Rue McKenrick has spent much of his life relying on his own two feet to take him places, a decision that has led to great accomplishments, but also challenges. As a hiker, backpacker and cyclist, McKenrick has traveled the country extensively. Most notably, he’s hiked all three of the country’s major thru-hikes—the Appalachian Trail, Pacific Crest Trail and Continental Divide Trail—a feat only about 525 people have accomplished. Back home in Bend, where he’s lived since 2010, he travels around town without a car, walking and biking everywhere.
McKenrick’s journeys, while rewarding, haven’t always been easy. He’s pushed his body to extremes while backpacking, with overtraining sending him into the early stages of organ failure. He’s been knocked unconscious by a tree falling on him while he slept and been lifted several inches off the ground in a roadside tornado, he said. He’s hiked with broken bones and countless internal ailments, battled extreme thirst and cramps in the desert and been left to refuel himself on only gas station snacks for days at a time. And in Bend, his decision to walk and bike everywhere has led to five collisions with cars and a cycling crash that caused a traumatic brain injury.
Yet, McKenrick still walks everywhere, still cycles, and for the past two-and-a-half years, has dedicated his life to his latest thru-hike expedition—the scouting, route-planning and establishment of the new American Perimeter Trail. It’s something McKenrick has dreamed of creating for years—a massive thru hike established not just for recreation, but as a means of conserving the land for generations to come. “I’m not creating the next great thru hike, I’m creating America’s next biggest volunteer and conservation project through this thru hiking,” McKenrick said.
After years of dreaming, McKenrick took off from Bend in July 2019, hiking continuously for thousands of miles over the next fifteen months in an effort to establish the trail’s route. As he hiked, McKenrick began to pick up steam with online supporters, including Leilah Grace, a Pennsylvania physical therapist who initially reached out to help McKenrick with a back injury he posted about on social media. “There was this little voice in my head saying, this guy needs some help,” said Grace, who began helping McKenrick with social media posting and today serves as vice president of the American Perimeter Trail Conference, a nonprofit established in 2020 as a way to give McKenrick’s dream “some legs,” she said. “When I first learned about it, I thought it was just really, really cool and interesting,” said Grace, who volunteers her time with the APT Conference. “I was hooked on this idea of having a hiking trail that you could get on anywhere in the country… But now it’s the conservation piece that has hit home for me—it’s not just a trail, it’s about preserving the land that’s around the trail.”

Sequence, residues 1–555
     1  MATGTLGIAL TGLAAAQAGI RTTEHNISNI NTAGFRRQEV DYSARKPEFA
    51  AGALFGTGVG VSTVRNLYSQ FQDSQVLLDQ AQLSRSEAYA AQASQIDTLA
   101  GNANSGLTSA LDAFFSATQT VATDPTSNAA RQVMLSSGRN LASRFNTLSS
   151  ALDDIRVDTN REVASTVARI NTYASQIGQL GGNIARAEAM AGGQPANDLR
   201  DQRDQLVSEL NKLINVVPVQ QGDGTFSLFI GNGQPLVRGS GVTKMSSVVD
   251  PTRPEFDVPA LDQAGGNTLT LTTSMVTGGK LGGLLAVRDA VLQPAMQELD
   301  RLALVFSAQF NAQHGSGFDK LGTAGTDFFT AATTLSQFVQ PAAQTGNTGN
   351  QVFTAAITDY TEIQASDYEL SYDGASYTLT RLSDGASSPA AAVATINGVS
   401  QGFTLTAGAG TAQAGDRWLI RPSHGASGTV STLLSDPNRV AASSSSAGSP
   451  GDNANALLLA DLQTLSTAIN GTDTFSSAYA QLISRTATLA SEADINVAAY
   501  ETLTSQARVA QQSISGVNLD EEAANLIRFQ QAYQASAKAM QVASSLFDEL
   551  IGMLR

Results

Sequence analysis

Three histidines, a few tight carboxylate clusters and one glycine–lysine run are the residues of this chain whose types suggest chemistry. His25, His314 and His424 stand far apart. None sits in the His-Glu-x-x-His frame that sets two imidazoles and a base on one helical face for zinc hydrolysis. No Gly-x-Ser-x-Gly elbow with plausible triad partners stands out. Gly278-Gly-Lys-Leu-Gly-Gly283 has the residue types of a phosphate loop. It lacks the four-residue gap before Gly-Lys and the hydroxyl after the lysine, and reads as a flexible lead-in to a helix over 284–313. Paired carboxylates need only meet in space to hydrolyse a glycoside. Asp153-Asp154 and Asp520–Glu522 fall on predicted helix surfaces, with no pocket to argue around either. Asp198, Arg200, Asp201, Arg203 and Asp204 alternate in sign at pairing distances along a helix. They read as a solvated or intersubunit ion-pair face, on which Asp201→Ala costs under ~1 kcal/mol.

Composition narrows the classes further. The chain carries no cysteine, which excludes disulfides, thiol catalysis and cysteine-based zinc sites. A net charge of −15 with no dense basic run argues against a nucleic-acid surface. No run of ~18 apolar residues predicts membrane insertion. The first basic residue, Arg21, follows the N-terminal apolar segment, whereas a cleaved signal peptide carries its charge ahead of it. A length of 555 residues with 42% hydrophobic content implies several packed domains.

While overtraining during his fifteen-month expedition did a number on McKenrick’s body and sent him home twice in late 2020 and again in 2021, he’s committed to closing the full perimeter loop this year. When finished, the American Perimeter Trail will roughly trace the perimeter of the contiguous United States, starting and ending in Bend. Establishing the trail means pinpointing the route mile by mile, identifying suitable public lands and in some cases pursuing easements, followed by physical trail building in some areas, done in partnership with groups such as AmeriCorps. While few people are likely to hike the entire perimeter trail, they may choose to hike pieces of it, and establishing the route and conserving the land is beneficial for public recreation and for the environment. “It’s about leaving this place better than you found it,” McKenrick said. “And I think time is of the essence.”
While out scouting the 12,000- to 14,000-mile trail, McKenrick is weaving together networks of forest roads and existing trails, using a compass and paper maps to track his progress each night and make notes about the route. “People see the compass and map, and they think I’m crazy,” said McKenrick, who doesn’t rely on GPS navigation and isn’t fussy about which type of gear or brands of equipment he uses. “The most important piece of gear you can have is an open heart,” he said.
The American Perimeter Trail Conference nonprofit is based here in Bend, but draws support from across the country, with the majority of the organization’s founding members coming from outside the area, including many from McKenrick’s hometown in Pennsylvania, along the Appalachian Trail. Supporters can become members of the organization, with regular donations helping to support the conference’s effort to formally establish and build the new trail.
This spring or summer, McKenrick plans to head back out to close the loop on the first full scouting mission of the APT, connecting the last piece of the trail in Washington and then heading south back to Bend for a summertime celebration.
Learn more at americanperimetertrail.org and/or follow McKenrick on Instagram here.